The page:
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Threat Landscape Report 2023


Threat Landscape Report 2023 - A Year Review


We are monitoring the cyber threat landscape to help the European Union institutions, bodies, offices and agencies (Union entities), detect and protect against cyber attacks. Our monitoring focuses on attacks targeting Union entities or their vicinity.

We consider a malicious activity is in the vicinity of Union entities when some of the following factors are combined: - The activity is targeting sectors of interest, entities located in the EU or in other European countries, software products or service providers known to be used by Union entities. - The activity is a large-scale campaign possibly affecting any organisation worldwide. - The activity is attributed to a well-resourced threat actor known to have targeted Union entities (we label it a Top Threat Actor).

We name malicious activities of interest (MAIs) the attacks targeting Union entities or their vicinity.

In 2023, we analysed 602 MAIs. For each MAI, we focus on the following key characteristics: - victimology information (targeted sectors, countries, or software products) - tactics, techniques and procedures (TTPs) - malware strains or tools - exploited vulnerabilities - attribution - indicators of compromise (IoCs) and detection rules.

While this analysis is essential to help Union entities detect threats and protect against them, it also provides us with a solid basis to identify patterns and trends in the threat landscape. This document presents a selection of notable characteristics of the 2023 threat landscape.

Key findings

  • We noticed 80 threat actors active against Union entities or their vicinity, with critical exposure to 18, high exposure to 17, medium exposure to 21 and low exposure to 24. The motive of these threat actors was, in descending order of importance, cyberespionage, hacktivism, cybercrime or information operations.

  • When it was possible to determine their origin, and based on information from reliable sources, we noticed that threat actors active against Union entities or their vicinity were linked mainly with two countries: People's Republic of China (hereafter China) and the Russian Federation (hereafter Russia). However, we also noticed a diversification in the origin of cyber attacks and the role played by private sector offensive actors (PSOAs).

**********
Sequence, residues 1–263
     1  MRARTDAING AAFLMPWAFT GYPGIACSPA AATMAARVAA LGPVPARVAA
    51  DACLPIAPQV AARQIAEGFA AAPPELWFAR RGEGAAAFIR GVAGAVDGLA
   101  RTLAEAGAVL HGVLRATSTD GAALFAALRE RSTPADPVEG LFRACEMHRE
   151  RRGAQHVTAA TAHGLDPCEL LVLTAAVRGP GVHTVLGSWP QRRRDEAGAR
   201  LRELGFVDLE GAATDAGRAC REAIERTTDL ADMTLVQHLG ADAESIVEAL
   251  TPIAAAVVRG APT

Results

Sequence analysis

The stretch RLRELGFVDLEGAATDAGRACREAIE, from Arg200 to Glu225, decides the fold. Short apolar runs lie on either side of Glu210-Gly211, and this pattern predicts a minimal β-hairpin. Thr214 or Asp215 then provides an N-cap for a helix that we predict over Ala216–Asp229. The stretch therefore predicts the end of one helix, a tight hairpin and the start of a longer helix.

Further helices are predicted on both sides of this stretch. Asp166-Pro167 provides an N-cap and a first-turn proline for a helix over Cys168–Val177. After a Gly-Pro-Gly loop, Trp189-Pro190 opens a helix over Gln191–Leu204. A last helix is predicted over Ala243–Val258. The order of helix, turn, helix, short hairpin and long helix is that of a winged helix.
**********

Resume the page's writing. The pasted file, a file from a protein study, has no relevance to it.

• We noticed threat actors targeting 104 software products in 241 distinct malicious activities of interest. These targeting took different forms including exploitation of internet-facing vulnerable software products, supply-chain attacks leveraging trojanised software products, fake version of software products, abuse of public repositories used for programming languages, misuse by threat actors, or other forms of exploitation after initial access.

  • There were significant attacks against products in various categories, including networking (Fortinet, Cisco or Citrix products for example), development tools and IDEs (for example JetBrains or Python libraries), security (such as 1Password or LastPass password managers), content management or collaboration tools (WordPress, Altassian Confluence for example), and cloud services (such as Azure or JumpCloud).

  • Spearphishing remained the predominant initial access method for state-sponsored and cybercrime groups seeking to infiltrate target networks. We have analysed 177 such attacks, that we found notable. We observed that a number of adversaries used specific lures, related to EU affairs, in their attempts to deceive users in Union entities.

  • We tracked cyber attacks that we think were targeting particular sectors. Given the high number of Union entities and the diversity of EU policies, the 25 sectors that we are monitoring are varied in nature. We noticed that, beside the public administration sector, 13 of these sectors were targeted by at least 10 attacks in 2023. The most targeted sectors of interest for us were, in descending order, diplomacy, defence, transport, finance, health, energy, technology, justice, telecommications, research, education, fundametal rights, and space.

  • In 2023, ransomware remained the predominant cybercrime activity, globally. However, we didn't detect any significant ransomware breach affecting Union entities. In Europe, according to information from open sources and data leak sites (DLS), we noticed activity by at least 55 ransomware operations and a total of 906 victims. One ransomware operation, Lockbit, accounted for 25% of the total cases.

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